Dark Harvest is a novella from 2006 I oopsed into reading because I wanted something short and spooky for October—and then only finished it a few days ago. And now, having discovered that it’s getting a film adaptation that appears to be trapped in some bureaucratic/logistical hell and will come out eventually, it seemed a perfect book to give a review.
Short Art Has A Different Vibe Than Other Projects I love long-form content: epic scope books, five-hour video essays, and sprawling television shows. I also love binging YouTube Shorts and Instagram Reels. So, today, we’ll talk about short media in a deliberately brief article. I’m talking really short media. Short stories like our own Friday…
American Elsewhere resists review—because it’s massive. The paperback is 662 pages. That’s Stephen King tome levels. That’s epic fantasy size.
Rules for Vanishing is such a different book from anything we’ve reviewed on the site in a long time. It’s a dark medley of The Wizard of Oz, Lovecraftian Horror, and The Blair Witch Project.
Black Tide was a different sort of book than I expected. The premise of a cosmic horror-style alien invasion was interesting by itself, but Black Tide marks the first “bottle episode” book I’ve ever read.
What We Harvest wasn’t what I thought it would be. I don’t mean that in a bad way. I just hadn’t expected a zombie story. The synopsis suggested creeping slime.
The Nothing That Is sits on the list of books I’ve reviewed that scared me. Only certain scenes in The Twisted Ones, The Night Will Find Us, and some Fazbear Frights moments caused similar reactions in recent memory. Since I finished listening to The Magnus Archives, it takes a lot.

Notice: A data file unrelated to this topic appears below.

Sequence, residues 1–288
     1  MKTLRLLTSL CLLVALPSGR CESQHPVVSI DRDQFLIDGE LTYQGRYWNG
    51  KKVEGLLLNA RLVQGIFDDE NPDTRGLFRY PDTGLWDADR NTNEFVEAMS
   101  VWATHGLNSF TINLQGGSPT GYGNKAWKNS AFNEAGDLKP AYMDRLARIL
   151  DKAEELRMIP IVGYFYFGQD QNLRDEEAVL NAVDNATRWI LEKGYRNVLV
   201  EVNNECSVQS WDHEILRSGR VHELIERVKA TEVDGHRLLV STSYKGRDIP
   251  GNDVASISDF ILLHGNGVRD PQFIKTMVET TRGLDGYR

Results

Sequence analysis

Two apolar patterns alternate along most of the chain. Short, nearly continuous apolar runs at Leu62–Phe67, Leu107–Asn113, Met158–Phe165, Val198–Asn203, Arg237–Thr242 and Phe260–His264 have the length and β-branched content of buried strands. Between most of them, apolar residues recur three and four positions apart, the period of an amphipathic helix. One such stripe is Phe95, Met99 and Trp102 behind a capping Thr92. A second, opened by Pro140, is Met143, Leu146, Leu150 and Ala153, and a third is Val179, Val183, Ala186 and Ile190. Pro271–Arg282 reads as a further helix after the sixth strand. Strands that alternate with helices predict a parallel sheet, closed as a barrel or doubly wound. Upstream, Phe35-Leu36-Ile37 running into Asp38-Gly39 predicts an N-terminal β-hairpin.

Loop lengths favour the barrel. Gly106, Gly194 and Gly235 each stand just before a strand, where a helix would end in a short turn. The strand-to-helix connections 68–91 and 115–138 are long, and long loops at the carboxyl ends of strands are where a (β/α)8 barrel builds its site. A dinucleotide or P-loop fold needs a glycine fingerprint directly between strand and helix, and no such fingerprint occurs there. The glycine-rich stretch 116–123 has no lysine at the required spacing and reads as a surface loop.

I wish I had more nice things to say about The Twisted Ones. Given how impressed I was with The Hollow Places, I expected another creative cosmic horror with a breezy pace. And while I will ultimately have several nice things to say about the book, it’s a step down in quality.
40+ is a novella with a powerful hook but is hampered by a few things, including how short it is. It would be easy to imagine it expanded into a larger novel, detailing both the world as it was and how the change affected it.
We’ve arrived at the final Fazbear Frights book. This digital-only (at least at the time of writing) novella ends our little odyssey into the series, with only the police bonus stuff to explore.
My initial interest in reading The Night Will Find Us was because it appeared to be a classic “friends camping” horror story with a heap of cosmic horror on top. And I got what I wanted. Those two things are a big part of the story.
Wilder Girls is missing several things. The book has a lot of truly impressive aspects to it, and a heck of a hook—but doesn’t play with its toys nearly enough.
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